The 21-storey structure in Lagos that went down is likely to dampen the property market and may worsen problems in the country’s embattled real estate sector, professional agents said.
They also anticipate some apathy on the short-term from investors in the purchase of real estate on multi floor developments, with regulatory authorities paying more attention to approval granted and monitoring of project to ensure they meet building codes.
Currently, the property market has been facing multiple headwinds due to the impact of recession, COVID-19 pandemic and challenging real estate environment such as rise in building materials prices, lack of skilled artisans, inadequate long-term funds and unstable government policies.
Already, Lagos State Government has announced a raft of changes intended to restore public confidence. It also warned developers and property owners to adhere strictly to all building codes and planning regulations to ensure safety of life and property, while those who ignore such regulations, breaking seals and defying enforcement, will be prosecuted.
Specifically, the agents, who are members of the Nigerian Institution of Estate Surveyors and Valuers told The Guardian that the market will slow down, as investors will query developments within these neighbourhoods. They also expect more robust requirement for due diligence from investors.
The Chief Executive Officer, Knight Frank Nigeria, Mr. Frank Okosun, said there will be apathy by investors in the short-term, saying “with recent spike in demand in certain locations, sub-prime developments are not unexpected, especially when not properly checked.
“In certain locations that are densely populated, or the land is very expensive, multi-storey buildings will continue to be the order of the day.
“However, with this recent occurrence, people will need more quality assurance than previously. I also believe this will cause attitudinal change in the general public toward government physical planning and control agencies.
“We will see new regulations in the construction sector and this will be backed by better enforcement. Adherence to building codes and construction standards will improve. Even, the agencies will now see their work as much more critical towards perseveration of lives and investments.”
He also foresees more emphatic advocacy from professional bodies directed towards government in finalising enabling laws geared towards elimination of quackery and stricter measures put in place for on-site construction, which will promote engagement of registered professionals.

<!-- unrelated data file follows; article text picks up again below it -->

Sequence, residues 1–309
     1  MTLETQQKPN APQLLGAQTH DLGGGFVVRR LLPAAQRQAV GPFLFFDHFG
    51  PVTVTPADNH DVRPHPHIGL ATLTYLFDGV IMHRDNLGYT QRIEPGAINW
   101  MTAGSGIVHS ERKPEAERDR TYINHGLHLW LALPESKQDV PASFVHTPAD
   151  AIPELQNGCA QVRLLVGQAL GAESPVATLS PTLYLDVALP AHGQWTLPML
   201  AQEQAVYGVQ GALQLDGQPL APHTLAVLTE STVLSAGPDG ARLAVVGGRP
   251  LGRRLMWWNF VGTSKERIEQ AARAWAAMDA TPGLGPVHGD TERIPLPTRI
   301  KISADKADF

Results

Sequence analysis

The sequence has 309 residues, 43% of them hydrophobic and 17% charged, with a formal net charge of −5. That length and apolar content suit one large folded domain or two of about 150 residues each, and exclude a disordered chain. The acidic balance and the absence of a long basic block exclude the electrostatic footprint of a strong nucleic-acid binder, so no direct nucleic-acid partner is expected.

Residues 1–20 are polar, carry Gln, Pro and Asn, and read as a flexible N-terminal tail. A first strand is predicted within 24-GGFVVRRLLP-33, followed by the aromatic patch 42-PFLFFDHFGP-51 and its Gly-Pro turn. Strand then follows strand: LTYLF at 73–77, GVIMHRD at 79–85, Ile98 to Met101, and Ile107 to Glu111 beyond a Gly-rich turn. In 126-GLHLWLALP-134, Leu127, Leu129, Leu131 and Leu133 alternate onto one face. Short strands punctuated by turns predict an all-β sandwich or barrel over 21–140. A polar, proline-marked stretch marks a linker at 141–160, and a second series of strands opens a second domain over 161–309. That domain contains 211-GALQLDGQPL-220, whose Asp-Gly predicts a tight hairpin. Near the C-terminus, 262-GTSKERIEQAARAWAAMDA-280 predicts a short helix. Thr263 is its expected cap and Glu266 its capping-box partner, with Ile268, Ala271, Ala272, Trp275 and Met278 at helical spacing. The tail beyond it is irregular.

Mr. Sola Enitan agreed with Okosun on the temporary setback, “The market will cool off for six months and up to about six years. Once again, low-rise buildings would see a surge in demand across board with detached buildings being the darling of the market.
“For the next 24 months, I would apply a 16-32 per cent discount on apartment buildings valuation in Ikoyi, premium may reasonably be applicable for a range of 8-15 per cent for low rise buildings with detached buildings receiving the higher band premium.”
Enitan expects harshest regime of buildings regulations for high-rise buildings, “while unknown developers may not get approval for high-rise buildings, financiers too would move away from apartment block funding unless they’re probably specifying contracting and building team.”
The former president, Africa region, International Real Estate Federation (FABCI), Mr. Chudi Ubosi, said the impact would be minimal for low-rise developments.
“For the high-rise developments, we will see a lot of knee-jerk reactions from government that will result in shutdowns of mid and high-rise developments. This will lengthen delivery periods.
“We will see greater scrutiny from government officials and more concern from prospective buyers. I foresee more scrutiny on the quality and track record of the contractors being used to deliver such developments, which will give prospective buyers and investors’ confidence to invest in those projects,” he said.